In the original Byrne v Marles [2008] VSCA 78, Mr Byrne had the Court of Appeal declare that the Legal Services Commissioner is obliged to give lawyers an opportunity to be heard in relation to whether the complaint should be characterised as a disciplinary complaint (I posted about it here).  The decision has been reversed by legislation in relation to all complaints lodged after 12 December 2008.

Following the Court of Appeal’s decision, the Commissioner resumed her duties.  She wrote a letter of the kind that she has been writing in response to Byrne v Marles (see para 1 of the judgment which is the subject of this post).  She heard Mr Byrne on the question: he sent in 12 pages of submissions. Then she said:

The complaint is a disciplinary complaint as defined in section 4.2.3. of the Legal Profession Act 2004 (‘the Act’) because it is a complaint about conduct which, if established, would amount to unsatisfactory professional conduct or professional misconduct. A civil dispute is defined in section 4.2.2 of the Act.’

Section 4.2.3 defines a ‘disciplinary complaint’ as:

‘a complaint about conduct … to the extent that the conduct, if established, would amount to unsatisfactory professional conduct or professional misconduct.’

The reasons are accordingly not very illuminating, if they may properly be called reasons at all, especially when one of Mr Byrne’s points has been that the non-provision on request of a costs agreement is no more an allegation of conduct warranting discipline as an allegation that a lawyer’s handshake was too limp (my characterisation of his argument, not his). No one could argue with the proposition that it would be more helpful to say ‘Allegation X, if established, would amount to a breach of rule Y of the conduct rules’ or ‘Allegation Z, if established could amount, depending on any extenuating circumstances you may bring to my attention during the course of the investigation, to professional misconduct at common law, in the sense that, unexplained, your conduct would be regarded by your competent and reputable peers as disgraceful and dishonourable.’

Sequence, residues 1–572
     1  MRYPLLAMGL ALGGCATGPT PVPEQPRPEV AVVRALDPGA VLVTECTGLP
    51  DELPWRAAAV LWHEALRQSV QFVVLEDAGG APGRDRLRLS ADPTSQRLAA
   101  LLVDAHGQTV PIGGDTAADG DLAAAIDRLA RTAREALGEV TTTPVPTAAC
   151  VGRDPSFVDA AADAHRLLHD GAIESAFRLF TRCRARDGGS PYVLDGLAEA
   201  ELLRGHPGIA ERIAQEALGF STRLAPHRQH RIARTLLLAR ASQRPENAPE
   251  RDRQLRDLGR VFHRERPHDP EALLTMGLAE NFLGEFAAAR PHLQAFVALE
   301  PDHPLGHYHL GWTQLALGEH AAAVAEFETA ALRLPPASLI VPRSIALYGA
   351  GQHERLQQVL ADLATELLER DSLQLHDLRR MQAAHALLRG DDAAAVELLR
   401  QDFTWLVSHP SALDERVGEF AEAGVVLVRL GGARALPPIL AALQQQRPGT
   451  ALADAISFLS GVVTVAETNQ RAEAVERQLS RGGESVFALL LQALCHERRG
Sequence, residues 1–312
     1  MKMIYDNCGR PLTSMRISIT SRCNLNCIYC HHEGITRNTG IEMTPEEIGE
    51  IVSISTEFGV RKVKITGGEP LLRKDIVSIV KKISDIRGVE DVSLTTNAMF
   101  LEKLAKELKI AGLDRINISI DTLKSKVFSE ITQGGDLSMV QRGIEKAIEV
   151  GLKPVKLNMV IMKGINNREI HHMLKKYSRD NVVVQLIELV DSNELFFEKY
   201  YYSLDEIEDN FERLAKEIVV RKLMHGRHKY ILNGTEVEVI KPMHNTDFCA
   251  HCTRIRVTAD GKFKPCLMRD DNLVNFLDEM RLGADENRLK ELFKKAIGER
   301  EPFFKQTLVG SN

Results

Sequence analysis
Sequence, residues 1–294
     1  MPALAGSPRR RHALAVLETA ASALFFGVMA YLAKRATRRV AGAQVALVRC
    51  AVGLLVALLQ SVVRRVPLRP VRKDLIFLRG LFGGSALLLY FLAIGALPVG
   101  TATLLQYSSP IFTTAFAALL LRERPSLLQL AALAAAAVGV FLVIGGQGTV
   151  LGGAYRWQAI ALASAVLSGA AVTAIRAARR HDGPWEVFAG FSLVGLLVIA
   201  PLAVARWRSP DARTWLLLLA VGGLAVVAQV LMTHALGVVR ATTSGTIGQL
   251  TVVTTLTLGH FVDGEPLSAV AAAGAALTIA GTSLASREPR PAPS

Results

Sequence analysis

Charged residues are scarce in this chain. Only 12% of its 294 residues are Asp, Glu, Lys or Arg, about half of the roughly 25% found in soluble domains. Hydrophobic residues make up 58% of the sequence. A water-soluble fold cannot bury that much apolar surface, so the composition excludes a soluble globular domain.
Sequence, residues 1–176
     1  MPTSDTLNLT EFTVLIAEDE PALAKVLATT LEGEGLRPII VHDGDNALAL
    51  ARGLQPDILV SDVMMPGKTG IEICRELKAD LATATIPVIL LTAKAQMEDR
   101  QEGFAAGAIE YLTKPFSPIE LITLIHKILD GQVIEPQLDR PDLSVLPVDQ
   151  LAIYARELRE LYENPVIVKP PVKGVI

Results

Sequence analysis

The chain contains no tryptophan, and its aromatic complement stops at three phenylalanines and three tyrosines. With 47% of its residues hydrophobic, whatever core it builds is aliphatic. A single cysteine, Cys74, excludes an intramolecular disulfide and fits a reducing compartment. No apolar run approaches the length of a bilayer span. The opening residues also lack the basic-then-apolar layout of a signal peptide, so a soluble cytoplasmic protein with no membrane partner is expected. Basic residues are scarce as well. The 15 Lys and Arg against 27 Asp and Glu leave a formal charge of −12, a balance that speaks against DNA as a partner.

Mr Byrne returned to the Supreme Court to complain.  It gave him no truck at all.  Justice Beach held that there is no mutual exclusivity between a disciplinary complaint and a civil complaint, and said that Mr Byrne’s case was based on such a fallacy. Mr Byrne has long been saying that the allegations (e.g. the non-provision on request of a copy of the costs agreement which regulated his and his former client’s relationship) should be seen for what they are: a costs dispute.  Justice Beach said (again, my words, not his), that it may well be a costs dispute, but so too may it also be a disciplinary complaint.

That there is no mutual exclusivity is obvious from s. 4.2.11.  The real question is whether the parliament contemplated that a particular allegation could amount to both a civil and a disciplinary complaint, or whether it contemplated a single document raising multiple allegations, some of which might be characterised as civil and some as disciplinary complaints.  Though that question is not expressly identified in the judgment, the inescapable conclusion of Justice Beach’s decision is that a single allegation may be both.